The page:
The building’s height, he said, is of less concern than its lack of community services. “This huge building is going to go up without anything for the community,” Goldstein said. “It’s a big pill to swallow.”

    The city acquired the site under eminent domain in 1964, and then sold it to what is now NYU Downtown Hospital in 1967, with strict height and land use restrictions. When the statue of limitations on the parcel expired in April, Forest City Enterprises began negotiations to purchase the property from the money-strapped hospital.

    The project will be partially financed by $243 million in commercial Liberty Bonds for the construction of the lower 24 floors of the tower for Pace University and NYU Downtown Hospital.

    “Public funds were used to condemn a property for public use, at least a piece of it needs to go back to public use,” said C.B. 1 chairperson Madelyn Wils at the board meeting.

    City Councilmember Alan Gerson may file a lawsuit against Forest City Enterprises on behalf of the City Council to insure the community’s needs are met. “You’re talking about building the largest building in Lower Manhattan and that requires a thorough review,” Gerson told Downtown Express. “We can’t just have such a mammoth development without getting it right.”

    The deadline for filing a lawsuit is Oct. 4, although Gerson is not convinced that a resolution will require legal action. “A lawsuit is always the last resort,” he said. “I hope over the next week or so we’ll be able to come up with an arrangement that meets the needs of the community.”

    Forest City Enterprises did not comment.

    At its Sept. 21 meeting, C. B. 1 passed a resolution supporting Gerson’s suit. “This 75-story building benefits Ratner,” said Wils. “Now Ratner needs to step up to the plate and see how he wants to deal with the community.”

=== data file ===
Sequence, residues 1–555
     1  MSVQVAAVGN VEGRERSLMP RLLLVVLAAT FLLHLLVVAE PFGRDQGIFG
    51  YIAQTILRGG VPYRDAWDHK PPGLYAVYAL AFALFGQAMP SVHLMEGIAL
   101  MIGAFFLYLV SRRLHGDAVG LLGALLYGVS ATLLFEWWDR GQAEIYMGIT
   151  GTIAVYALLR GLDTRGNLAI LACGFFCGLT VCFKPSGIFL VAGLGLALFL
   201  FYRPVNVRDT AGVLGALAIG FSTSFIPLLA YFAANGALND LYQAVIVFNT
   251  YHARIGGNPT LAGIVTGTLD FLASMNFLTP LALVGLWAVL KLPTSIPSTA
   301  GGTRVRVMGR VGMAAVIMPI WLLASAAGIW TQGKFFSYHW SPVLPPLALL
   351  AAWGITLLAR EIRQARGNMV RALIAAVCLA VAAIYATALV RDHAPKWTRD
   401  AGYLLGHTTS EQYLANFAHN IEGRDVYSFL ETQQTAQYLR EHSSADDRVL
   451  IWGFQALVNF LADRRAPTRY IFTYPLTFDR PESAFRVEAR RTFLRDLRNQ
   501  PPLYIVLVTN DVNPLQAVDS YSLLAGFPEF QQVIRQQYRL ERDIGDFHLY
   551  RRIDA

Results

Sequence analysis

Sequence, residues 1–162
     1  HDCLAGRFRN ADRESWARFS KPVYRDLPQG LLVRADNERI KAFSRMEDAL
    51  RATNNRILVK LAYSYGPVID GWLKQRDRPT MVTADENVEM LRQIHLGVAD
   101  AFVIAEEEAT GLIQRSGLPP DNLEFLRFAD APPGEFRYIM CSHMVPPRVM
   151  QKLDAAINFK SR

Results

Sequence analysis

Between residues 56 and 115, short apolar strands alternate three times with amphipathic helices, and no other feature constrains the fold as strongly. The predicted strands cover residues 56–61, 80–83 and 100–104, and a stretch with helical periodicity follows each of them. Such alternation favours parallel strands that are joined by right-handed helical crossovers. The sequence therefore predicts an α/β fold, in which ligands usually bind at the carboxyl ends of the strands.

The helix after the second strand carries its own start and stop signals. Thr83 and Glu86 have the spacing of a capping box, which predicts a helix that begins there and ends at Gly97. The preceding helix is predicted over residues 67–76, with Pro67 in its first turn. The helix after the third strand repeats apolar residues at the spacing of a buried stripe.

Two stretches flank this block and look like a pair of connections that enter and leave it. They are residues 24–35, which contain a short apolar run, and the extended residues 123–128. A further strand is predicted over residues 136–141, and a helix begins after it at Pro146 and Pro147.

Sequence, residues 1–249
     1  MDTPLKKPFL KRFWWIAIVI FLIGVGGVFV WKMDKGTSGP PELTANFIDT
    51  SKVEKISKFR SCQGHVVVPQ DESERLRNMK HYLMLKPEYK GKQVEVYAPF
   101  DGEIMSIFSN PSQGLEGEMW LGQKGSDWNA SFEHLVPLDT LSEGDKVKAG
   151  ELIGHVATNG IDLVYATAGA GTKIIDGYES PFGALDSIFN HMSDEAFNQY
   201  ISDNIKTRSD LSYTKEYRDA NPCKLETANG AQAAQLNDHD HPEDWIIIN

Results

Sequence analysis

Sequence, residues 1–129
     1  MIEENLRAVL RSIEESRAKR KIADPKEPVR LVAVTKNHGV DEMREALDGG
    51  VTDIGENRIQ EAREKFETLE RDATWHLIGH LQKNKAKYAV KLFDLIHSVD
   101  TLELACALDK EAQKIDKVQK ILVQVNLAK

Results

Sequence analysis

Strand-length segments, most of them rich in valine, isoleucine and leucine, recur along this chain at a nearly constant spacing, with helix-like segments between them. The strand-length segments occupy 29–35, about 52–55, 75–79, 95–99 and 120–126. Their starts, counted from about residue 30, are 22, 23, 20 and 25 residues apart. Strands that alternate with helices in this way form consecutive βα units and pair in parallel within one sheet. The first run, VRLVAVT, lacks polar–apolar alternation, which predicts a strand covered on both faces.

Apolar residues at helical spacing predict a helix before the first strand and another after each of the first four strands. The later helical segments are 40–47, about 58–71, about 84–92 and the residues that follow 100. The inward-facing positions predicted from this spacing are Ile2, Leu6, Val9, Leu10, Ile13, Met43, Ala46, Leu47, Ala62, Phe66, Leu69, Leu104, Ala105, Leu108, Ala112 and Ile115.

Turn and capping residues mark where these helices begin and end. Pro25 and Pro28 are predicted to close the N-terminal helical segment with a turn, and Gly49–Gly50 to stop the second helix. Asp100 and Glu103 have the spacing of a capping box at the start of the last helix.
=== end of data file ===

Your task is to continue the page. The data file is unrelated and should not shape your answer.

15. #135
    Forum Veteran
    Join Date
    Nov 2002
    New York City


    I guess the community's gripes are pretty sound. I just hope that this doesn't result in a reduction in height.

Similar Threads

  1. New York Times Tower - 620 Eighth Avenue @ W. 41st Street - by Renzo Piano
    By noharmony in forum New York Skyscrapers and Architecture
    Replies: 3237
    Last Post: June 4th, 2014, 02:39 PM
  2. Barclay Tower @ 10 Barclay Street - by Costas Kondylis
    By Derek2k3 in forum New York Skyscrapers and Architecture
    Replies: 623
    Last Post: August 10th, 2012, 02:51 PM
  3. 165 Charles Street @ West Street - by Richard Meier
    By ASchwarz in forum New York Skyscrapers and Architecture
    Replies: 104
    Last Post: June 8th, 2010, 05:36 PM
  4. Canceled: Downtown Guggenheim - by Frank Gehry
    By NYguy in forum New York Skyscrapers and Architecture
    Replies: 33
    Last Post: June 23rd, 2009, 11:09 AM
  5. Director's Guild of America Tower -110 West 57th Street
    By londonlawyer in forum New York Real Estate
    Replies: 4
    Last Post: July 18th, 2003, 11:37 AM

Tags for this Thread


Posting Permissions

  • You may not post new threads
  • You may not post replies
  • You may not post attachments
  • You may not edit your posts

Google+ - Facebook - Twitter - Meetup

Edward's photos on Flickr - Wired New York on Flickr - In Queens - In Red Hook - Bryant Park - SQL Backup Software